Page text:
Indonesia elects a new president next week as favourite Joko Widodo faces former general Prabowo Subianto.
The financial future of the country will be a key issue.
As the world's third largest democracy goes to the polls, what will it take for Indonesia to realise its considerable potential?
On Wednesday 2nd July at 0800 GMT (0900 BST) our Chief Business Correspondent Linda Yueh answered your questions on the Indonesian economy for an hour using the hashtag #AskBBCLinda and questions submitted by email.
This an edited version of the #AskBBCLinda Q&A via https://twitter.com/lindayueh
Q: Marzuk via email: Concerns over economic growth slowing, what must both candidates consider when voters head to the polls?
A: Raising growth requires improving infrastructure & education to raise productivity; also more savings needed for investment
Q: Aini Arin via Facebook: What will a Joko Widodo win mean for the Indonesian economy?
A: He vows to cut fuel subsidies that frees up funds for infrastructure & growth but need consistent view on foreign investment.
Q: Jonathan Pevec via Facebook: Can Indonesia grasp the reality of real & sustainable progress?
A: Yes but requires shifting from resources/agriculture to industry & must improve biz environment to create middle class jobs.
Q: Jack Parish via Twitter: Is Britain a bit short sighted when making trade links in the East & should do more with Indonesia?
A: UK is reorienting toward BRIC & Indonesia is largest economy in SE Asia with 240M people/potential market so warrants attention
Q: Batara Soepraba via Twitter: Do you agree no matter who leads- the economy will grow bec of sheer large consumption power?
A: Indonesia has huge potential with 4th largest population only after US; unless policy takes a drastic turn, strong prospects.
Q: Alistair Gray via email: What are the key sectors where Indonesia has genuine competitive advantage in new global economy?
A: Resources & manufacturing w pop'n only smaller than US; upgrading from fmr to latter challenging w billion+ pop'n neighbors.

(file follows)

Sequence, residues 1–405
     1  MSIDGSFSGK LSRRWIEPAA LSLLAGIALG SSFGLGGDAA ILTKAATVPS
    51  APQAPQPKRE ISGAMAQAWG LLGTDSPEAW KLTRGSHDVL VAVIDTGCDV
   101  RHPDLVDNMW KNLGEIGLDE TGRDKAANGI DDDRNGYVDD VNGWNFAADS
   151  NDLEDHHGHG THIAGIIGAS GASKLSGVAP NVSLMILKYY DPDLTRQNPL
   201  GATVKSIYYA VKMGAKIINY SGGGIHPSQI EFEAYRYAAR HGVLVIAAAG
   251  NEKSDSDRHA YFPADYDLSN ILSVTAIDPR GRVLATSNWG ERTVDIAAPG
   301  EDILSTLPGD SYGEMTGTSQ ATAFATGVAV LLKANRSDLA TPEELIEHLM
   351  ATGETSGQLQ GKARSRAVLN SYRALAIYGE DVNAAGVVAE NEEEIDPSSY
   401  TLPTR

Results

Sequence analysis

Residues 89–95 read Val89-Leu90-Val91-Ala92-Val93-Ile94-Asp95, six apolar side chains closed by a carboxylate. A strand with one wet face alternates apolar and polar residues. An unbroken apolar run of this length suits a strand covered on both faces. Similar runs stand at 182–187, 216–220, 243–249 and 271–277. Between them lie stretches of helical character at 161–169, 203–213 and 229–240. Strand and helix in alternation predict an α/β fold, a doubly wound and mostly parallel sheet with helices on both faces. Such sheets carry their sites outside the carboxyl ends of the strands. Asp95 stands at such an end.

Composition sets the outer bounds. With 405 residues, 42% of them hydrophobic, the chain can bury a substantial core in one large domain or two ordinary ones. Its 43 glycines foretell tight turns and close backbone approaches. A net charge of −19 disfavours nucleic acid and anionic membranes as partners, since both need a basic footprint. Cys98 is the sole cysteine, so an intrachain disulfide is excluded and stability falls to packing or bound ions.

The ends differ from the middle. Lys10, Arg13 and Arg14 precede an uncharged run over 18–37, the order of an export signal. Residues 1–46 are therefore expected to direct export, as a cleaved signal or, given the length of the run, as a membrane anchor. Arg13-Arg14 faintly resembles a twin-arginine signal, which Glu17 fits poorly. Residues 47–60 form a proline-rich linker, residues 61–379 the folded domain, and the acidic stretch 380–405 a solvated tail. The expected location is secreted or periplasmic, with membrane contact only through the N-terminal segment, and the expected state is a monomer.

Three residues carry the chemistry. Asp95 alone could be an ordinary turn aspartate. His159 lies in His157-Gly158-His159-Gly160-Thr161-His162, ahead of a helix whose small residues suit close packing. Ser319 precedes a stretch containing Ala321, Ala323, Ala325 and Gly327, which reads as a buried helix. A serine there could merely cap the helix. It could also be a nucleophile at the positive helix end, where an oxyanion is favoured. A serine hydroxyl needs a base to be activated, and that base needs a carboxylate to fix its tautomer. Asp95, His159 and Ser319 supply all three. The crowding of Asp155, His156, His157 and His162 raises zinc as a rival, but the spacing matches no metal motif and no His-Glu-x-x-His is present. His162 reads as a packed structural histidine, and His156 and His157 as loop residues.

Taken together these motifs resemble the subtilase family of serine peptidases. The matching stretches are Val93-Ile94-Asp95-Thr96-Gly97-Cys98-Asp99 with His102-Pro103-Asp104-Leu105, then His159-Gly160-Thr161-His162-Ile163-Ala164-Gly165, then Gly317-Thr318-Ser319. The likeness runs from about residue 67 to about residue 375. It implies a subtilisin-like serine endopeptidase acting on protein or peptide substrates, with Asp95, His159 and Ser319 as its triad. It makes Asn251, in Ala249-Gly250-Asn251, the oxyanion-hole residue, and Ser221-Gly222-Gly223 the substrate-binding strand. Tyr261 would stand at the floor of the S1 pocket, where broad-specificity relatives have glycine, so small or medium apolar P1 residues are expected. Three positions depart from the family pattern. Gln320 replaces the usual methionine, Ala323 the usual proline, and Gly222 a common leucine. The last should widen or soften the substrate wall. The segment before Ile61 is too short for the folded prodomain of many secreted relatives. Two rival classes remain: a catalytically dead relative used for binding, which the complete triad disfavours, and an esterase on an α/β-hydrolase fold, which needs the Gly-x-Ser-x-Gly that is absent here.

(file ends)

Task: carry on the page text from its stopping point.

Q: Ben Chen via Facebook: How to bring Indonesia forward from agricultural archipelago into 1 befitting its size & importance?
A: By industrialising which can be hard for a country specialising in commodities; must raise saving & invest in infrastructure
Q: Mark Tang via Twitter: What likely influence is Indonesia going to have in the coming decades given the superpower of China?
A: Indonesia is 4th most populous nation w huge potential/already largest economy in SE Asia so depends on capitalising on size
Q: Sandy Suryananda via Twitter: how should Indonesia prepare itself to face AEC2015? What are the challenges & opportunities?
A: Well-placed at centre of potential single market that wd rival EU in population; challenges: industrialise when integrating.
Q: yosafatDKA via Twitter: how can the new president for growing the market rapidly so Indonesian people are not left behind?
A: Invest more in infrastructure, education & reduce policy uncertainty to grow fast enough to create jobs & support min income.
Q: Tito Sianipar via Twitter: Indonesian economy without corruption. Is it possible? What should Indonesians do?
A: Corruption unfortunately exists everywhere so being vigilant in a democracy is essential; 1 reason for poor infrastructure.
Q: Frank van Dijk via Twitter: What is the strongest asset of Indonesia compared to its competitors?
A: Population- 240+ million population was size of US in 1980 when it was main engine of global economic growth; huge potential
Q: Patrick Ciayadi via Twitter: Should Indonesia start nuclear-based energy source for economic purposes?
A: Indonesia is richly endowed & 17k islands offer lots of opportunities for hydropower, wind, etc. so green energy is possible.
Q: Inquio via Twitter: How to make Indonesia top of mind as a British tourist destination?
A: Emphasise the sunshine, political stability, food & service -- Bali for instance.
Q: Tim Hill via Twitter: Do you think there will be much difference in the economic outlook after the election?
A: Not immediately as Indonesia has come back fro brink as 1 of Fragile 5 economies by cutting external deficit but can change
Q: David Luyster Jr via Twitter: Coke or Pepsi?
A: Since I joined the BBC, I no longer have any opinions.